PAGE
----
Peter Lindbergh: What I've learned
My childhood was in a city so ugly that it makes everything else seem pretty. I grew up in Duisburg, which might be the ugliest city in Germany, possibly the world. Everything is gray and totally industrial. I think my idea of beauty was a little bit tougher because of that. If I were from Venice it would have been different.
When I first saw my photographs on the walls of an exhibition I was scared, but in a good way. It was overwhelming to face who you are in this way. [Editor: After Lindbergh’s death, the publisher Taschen documented his first self-curated exhibition, Untold Stories, in a book of the same name].
I managed to fulfill many dreams, although I wish I had had more free time. I would have liked to have had a long, long time for me without my projects falling apart. For example, saying: “for one year I take care of absolutely nothing.” That was an unfulfilled dream.
I have never been interested in fashion, although my iconic cover for British Vogue with Linda Evangelista, Christy Turlington, Tatjana Patitz, Naomi Campbell and Cindy Crawford was the birth of ‘top models’. This phenomenon corresponded to a time when fashion photography was completely inverted. It was not only because the models were beautiful – and they were – but they transmitted it.
My inspiration was not in the New York, Studio 54 or Andy Warhol with his really boring pictures, nor was it fashion magazines. I didn't want to be a photographer so I could sell clothes, but rather to define what women are today. I could say that my inspirational world was in Germany in 1920: the avant-garde painting of Max Beckmann, the visionary cinema of Fritz Lang, the provocative dance of Valeska Gert and that type of strong, feminine and androgynous woman.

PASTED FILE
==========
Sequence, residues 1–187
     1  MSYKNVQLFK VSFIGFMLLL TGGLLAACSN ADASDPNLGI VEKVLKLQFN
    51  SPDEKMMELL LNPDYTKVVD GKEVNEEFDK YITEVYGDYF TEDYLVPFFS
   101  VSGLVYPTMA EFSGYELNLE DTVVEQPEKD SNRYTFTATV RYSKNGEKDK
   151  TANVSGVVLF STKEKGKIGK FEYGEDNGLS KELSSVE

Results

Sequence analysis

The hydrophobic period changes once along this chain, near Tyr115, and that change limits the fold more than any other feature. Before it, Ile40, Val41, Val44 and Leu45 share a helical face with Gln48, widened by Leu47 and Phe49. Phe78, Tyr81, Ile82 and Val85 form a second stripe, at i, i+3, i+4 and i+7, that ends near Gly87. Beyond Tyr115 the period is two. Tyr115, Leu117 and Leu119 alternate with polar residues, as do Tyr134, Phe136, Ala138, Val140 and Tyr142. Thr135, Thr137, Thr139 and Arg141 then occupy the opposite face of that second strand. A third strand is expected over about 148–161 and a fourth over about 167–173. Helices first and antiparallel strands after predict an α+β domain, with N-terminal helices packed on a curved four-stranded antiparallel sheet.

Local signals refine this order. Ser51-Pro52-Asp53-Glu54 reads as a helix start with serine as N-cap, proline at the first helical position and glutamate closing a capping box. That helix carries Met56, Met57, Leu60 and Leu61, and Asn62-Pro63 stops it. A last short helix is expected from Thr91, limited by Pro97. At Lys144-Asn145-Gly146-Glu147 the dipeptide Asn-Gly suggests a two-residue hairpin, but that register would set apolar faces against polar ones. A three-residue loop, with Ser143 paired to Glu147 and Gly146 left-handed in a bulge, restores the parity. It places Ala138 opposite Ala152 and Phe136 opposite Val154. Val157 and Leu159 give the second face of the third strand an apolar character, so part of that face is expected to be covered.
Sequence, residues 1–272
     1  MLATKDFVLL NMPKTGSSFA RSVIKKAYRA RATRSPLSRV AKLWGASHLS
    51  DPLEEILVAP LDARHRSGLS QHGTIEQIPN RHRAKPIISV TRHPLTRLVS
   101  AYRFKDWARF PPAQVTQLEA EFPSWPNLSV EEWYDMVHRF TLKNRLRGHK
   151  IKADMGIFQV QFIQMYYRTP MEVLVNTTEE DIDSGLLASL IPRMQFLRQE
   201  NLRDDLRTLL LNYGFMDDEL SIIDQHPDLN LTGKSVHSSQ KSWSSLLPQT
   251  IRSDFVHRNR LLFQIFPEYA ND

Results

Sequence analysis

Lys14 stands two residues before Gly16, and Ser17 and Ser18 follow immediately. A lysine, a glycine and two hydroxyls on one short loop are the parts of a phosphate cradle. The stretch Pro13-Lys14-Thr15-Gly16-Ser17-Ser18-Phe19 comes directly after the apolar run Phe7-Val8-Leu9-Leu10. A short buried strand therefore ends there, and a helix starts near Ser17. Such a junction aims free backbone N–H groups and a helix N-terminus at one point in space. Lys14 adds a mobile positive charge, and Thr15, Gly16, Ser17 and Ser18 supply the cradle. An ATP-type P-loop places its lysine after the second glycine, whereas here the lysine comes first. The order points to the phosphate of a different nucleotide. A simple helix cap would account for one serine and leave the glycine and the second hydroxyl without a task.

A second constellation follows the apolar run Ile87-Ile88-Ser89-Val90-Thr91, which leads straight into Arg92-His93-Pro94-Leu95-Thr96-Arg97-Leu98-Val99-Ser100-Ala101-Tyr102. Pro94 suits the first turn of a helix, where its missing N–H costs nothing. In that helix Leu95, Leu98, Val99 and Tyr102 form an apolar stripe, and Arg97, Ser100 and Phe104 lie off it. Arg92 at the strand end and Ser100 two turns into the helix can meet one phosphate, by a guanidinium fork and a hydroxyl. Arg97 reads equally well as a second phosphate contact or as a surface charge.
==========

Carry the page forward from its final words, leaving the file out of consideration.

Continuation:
Liberate women (and everyone) from the terror of youth and perfection. This should be the responsibility of photographers today. It is underneath all the artificiality where the real person is, the one that really interests me. You do not photograph architecture, which would be the framework of a person: you photograph what comes from inside the other person and reaches you.
For me, beauty resides in the courage to be who you are at all times; but we are bombarded with idiotic images of identical women that make people very unhappy for not being like them.
I get very irritated by stupidity and people who only think of themselves. The truth is, it made me nervous.
When people ask me: "Who is your hero?" I always answer Albert Einstein, without a doubt. When they ask about an icon, I tell them it is the lady who cleans my house! Einstein was an extraordinary person, and someone who tended to choose normal people as icons; I grow tired of the 'iconization' of celebrities, because in general, the most notable people tend to live the most modest daily lives. Although, I must admit, that Cate Blanchett is truly wonderful.